2020 Cadillac CT4 V-Series

Detroit automakers have had a hard go-at-it over the past decade, and whatever successes have come from the Obama-era bailouts, competing effectively means offering a product that stands out. Enter GM. To be more specific, enter its luxury, upscale, or whatever you want to call it – bougie? – brand, the eponymous Cadillac.

If you’ve driven on the streets of an urban American city, such as Dallas, and you’re a fan of automotive design, you’ve noticed the CT4. Cadillac’s engineers conceived and executed on a visually arresting compact luxury sedan. For an entry-level price, the whip is attainable for those who don’t want to “subscribe” to a BMW i3. 

The 2020 Cadillac CT4 V-Series is a whole vibe onto itself, rising from the ashes of the ATS. Although crossover SUVs are the hype, a good-looking Cadillac sedan at the right price point actually makes plenty of sense. CT4 and its larger sibling CT5 were introduced in the current model year, with CT5 being the big boy to the more slim CT4.  

We got behind the wheel of a CT4 V-Series in Summit White exterior paint and Sangria with Jet Black accents highlighting the interior. The sedan’s just a slight modification over the ATS, with a similar wheelbase and an extra four inches of length. 

Proportions are interesting any way you look at it in a brand new car, and what got our attention was a larger rear-end and front wheels that aren’t squished into corners in the name of that “sporty” facade we’re accustomed to seeing in entry-level BMWs sedans. Cadillac’s brand may be a bit stale and vintage, but there’s enough dramatic flair in the design – the hood’s curve or the boxy LED headlights – to make the CT4 pop out.  

Inside the cabin, upscale is epitomized in the feel and sight. Materials are soft to touch, with nice touches extending from the synthetic leather seats to the leather-draped steering wheel, to door panels. There are more thoughtful and elegant touches with chrome trim bands and stitching.

The console’s centerpiece is the 8.0-inch touchscreen and the dash styling is just as fluidly elegant as the panels. The controller dial and drive mode switch panel are easy to work with on the slim center console, thanks to the electronic gear shifter.


The drivetrain powering the CT4 V-Series is anchored by a 2.7-liter turbocharged four-cylinder engine. If we told you it was derived out of a Chevrolet Silverado that made its debut several years ago, would you believe it? Well, whoopty, there it is. The truck-inside-the-sedan engine translates into 325 horsepower and a very respectable 380 pound-feet of torque. Although there’s less raw power here, with 139 hp less than ATS-V, it’s still hefty. 

The thing about a truck engine in a sedan is the expected tremble and roar upon start. As the torque calibrates within the engine, the grumbling is a tad bit unbecoming of a luxury whip. Thankfully, it subsides when the car’s idle.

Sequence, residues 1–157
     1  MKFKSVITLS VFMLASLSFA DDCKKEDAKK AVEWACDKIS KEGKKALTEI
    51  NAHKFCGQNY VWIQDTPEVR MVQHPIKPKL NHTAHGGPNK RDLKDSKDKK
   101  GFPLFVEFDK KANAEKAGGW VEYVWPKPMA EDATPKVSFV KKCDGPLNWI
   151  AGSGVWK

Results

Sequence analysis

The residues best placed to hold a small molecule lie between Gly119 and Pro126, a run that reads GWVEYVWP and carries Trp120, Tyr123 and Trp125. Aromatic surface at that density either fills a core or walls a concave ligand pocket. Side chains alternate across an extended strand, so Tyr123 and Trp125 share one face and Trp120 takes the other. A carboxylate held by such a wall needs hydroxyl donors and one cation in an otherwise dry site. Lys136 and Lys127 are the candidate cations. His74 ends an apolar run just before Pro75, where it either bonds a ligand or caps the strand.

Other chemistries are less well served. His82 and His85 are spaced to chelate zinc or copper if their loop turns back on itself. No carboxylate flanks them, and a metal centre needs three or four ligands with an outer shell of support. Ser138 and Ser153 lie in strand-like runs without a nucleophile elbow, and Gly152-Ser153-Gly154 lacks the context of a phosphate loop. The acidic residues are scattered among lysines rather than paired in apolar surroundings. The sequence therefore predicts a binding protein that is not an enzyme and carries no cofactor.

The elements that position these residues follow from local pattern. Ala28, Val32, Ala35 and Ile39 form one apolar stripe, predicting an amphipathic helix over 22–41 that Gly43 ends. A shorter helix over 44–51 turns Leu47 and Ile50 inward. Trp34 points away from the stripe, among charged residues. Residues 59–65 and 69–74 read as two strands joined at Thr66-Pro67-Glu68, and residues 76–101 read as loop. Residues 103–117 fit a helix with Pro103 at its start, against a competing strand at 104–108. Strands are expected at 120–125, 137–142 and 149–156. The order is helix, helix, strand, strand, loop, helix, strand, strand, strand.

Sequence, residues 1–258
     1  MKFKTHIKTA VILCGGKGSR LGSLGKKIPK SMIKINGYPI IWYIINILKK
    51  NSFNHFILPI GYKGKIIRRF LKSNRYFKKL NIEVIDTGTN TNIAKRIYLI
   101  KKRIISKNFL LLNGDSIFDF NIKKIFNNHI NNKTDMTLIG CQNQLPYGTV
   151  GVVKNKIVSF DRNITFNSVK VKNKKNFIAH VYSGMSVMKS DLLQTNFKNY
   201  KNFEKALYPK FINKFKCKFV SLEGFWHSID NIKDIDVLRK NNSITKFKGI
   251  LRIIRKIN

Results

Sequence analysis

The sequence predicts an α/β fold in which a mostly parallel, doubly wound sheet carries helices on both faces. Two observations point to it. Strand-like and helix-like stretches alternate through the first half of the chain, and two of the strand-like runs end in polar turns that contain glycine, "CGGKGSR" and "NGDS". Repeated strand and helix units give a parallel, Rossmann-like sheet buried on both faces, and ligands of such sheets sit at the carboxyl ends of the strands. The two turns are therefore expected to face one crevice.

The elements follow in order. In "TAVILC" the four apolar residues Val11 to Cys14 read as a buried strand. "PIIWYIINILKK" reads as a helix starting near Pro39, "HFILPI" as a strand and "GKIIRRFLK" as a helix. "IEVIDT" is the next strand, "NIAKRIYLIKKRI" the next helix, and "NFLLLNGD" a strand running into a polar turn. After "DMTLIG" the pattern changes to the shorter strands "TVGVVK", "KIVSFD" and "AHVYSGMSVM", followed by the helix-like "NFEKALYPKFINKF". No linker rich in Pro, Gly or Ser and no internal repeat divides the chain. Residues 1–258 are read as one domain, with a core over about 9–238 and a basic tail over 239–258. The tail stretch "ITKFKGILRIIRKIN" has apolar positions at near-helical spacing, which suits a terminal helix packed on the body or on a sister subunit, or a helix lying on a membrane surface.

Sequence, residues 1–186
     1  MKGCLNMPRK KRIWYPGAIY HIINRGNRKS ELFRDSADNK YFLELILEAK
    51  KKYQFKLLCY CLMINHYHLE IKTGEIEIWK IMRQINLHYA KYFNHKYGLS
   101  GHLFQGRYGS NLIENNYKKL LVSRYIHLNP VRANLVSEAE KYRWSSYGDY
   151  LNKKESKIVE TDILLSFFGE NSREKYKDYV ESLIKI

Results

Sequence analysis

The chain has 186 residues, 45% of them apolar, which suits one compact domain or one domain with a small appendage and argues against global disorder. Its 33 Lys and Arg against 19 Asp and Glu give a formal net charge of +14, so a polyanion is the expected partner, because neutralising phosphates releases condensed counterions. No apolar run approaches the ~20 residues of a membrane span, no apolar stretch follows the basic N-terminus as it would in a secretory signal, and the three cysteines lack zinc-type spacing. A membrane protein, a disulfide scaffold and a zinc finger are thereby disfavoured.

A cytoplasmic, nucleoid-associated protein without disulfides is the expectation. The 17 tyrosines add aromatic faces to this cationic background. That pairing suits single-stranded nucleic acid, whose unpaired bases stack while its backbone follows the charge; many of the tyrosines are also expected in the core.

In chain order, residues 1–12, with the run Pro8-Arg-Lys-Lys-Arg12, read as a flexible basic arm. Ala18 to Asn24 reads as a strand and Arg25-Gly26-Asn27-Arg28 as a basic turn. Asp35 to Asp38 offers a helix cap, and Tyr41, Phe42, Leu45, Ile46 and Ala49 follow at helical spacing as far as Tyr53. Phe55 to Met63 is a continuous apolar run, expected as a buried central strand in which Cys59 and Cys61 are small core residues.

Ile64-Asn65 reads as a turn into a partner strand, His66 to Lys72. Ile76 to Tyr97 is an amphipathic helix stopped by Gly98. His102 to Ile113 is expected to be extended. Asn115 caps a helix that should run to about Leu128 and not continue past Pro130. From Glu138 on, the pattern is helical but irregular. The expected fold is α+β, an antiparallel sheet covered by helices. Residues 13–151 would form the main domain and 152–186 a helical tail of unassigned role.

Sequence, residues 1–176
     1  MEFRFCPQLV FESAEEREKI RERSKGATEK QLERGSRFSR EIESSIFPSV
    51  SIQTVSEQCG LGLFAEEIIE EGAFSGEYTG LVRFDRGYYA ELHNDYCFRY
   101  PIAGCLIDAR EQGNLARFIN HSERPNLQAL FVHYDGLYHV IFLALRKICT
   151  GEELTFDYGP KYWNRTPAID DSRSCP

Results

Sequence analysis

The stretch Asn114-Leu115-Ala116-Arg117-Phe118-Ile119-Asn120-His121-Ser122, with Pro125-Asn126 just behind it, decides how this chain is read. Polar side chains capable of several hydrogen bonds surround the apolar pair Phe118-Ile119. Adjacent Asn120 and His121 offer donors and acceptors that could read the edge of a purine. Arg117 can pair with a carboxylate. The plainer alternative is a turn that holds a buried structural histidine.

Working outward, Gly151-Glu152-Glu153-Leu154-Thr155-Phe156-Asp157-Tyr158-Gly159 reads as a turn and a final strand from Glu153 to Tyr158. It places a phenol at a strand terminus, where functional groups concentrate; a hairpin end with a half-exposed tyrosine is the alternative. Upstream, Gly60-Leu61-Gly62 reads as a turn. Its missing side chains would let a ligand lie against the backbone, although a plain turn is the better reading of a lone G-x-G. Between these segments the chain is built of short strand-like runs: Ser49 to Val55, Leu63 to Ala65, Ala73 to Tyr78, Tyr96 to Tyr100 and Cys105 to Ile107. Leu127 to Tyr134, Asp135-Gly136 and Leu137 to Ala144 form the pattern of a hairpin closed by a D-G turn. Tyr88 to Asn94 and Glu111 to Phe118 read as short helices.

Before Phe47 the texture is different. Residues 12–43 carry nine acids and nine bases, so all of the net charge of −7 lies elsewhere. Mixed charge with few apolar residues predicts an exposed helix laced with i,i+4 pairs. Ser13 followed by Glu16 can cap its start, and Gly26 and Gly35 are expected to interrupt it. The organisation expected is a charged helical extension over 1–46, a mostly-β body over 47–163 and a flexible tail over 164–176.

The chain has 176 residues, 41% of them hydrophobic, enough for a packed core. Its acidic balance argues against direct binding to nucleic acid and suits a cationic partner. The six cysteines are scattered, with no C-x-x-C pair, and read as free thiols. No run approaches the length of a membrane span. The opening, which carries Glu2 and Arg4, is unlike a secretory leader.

The CT4 V-Series features an optimized induction system and mounts on its three-step sliding camshaft, which is something to brag about for Cadillac, what with the segment-leading torque produced. The engine is synced to a 10-speed automatic transmission that gets into downshift as smoothly as a Mazda, which is an art onto itself. 

The engine and the tranny being a smooth pair irons out the robust power, and the steering, we are happy to report, is just as smooth. The interior’s about as well-apportioned and neat as it can be, with access to secondary controls made intuitive. The CT4-V takes it up a notch in performance with Sport and Track mode. 

The CT4-V rides posly, regally even, with a refined and responsive suspension. It also carries GM’s Magnetic Ride Control system, which adjusts damper tightness in fractions of a second in response to road conditions. 

The CT4-V can go and it can also stop. The Brembo front brakes make sure of that, and caliper paint in blue or red is an option ($595). Electronic assist is also about as dependably clutch as Steph Curry shooting, so there’s that. 

Braking overall is decent in the Cadillac, although the placement of the brake pedal above the accelerator will take time getting used to. It’s a GM idiosyncrasy, so be prepared when you get behind the wheel and have to maneuver your foot.  


The base price for the 2020 Cadillac CT4 V-Series is $44,495 and it upticks when adding in the interior upgrade (Sangria with jet black accents with leather appointed seats, $1,000). The Climate package ($1,200) and the Driver Awareness plug package ($800) will run the total up to $48,490.  


The familiar brands and their nameplates such as the 2020 BMW 3-Series are there to make Cadillac CT4’s market share a tough get. The Beamer is the frontrunner and tried-and-true performance leader, while buyers can also also lean into the Mercedes-Benz C-Class if they want more German luxury under the Benz banner. 

Other contenders include cars from Audi, Volvo and Genesis. Where Audi notches a plus for the in-car tech offered for the price – with the wagon something to behold – the Volvo S60 also sits pretty and has the gadgets and features to satisfy a discerning buyer. We’d also be remiss not to point out the Genesis G70, which has a spectacular engine with German-level performance, but much lower price. There’s never a dull moment in the sedan segment competition. 

Photo Credit: Copyright 2021 Victor Mosqueda / Car Fanatics Blog

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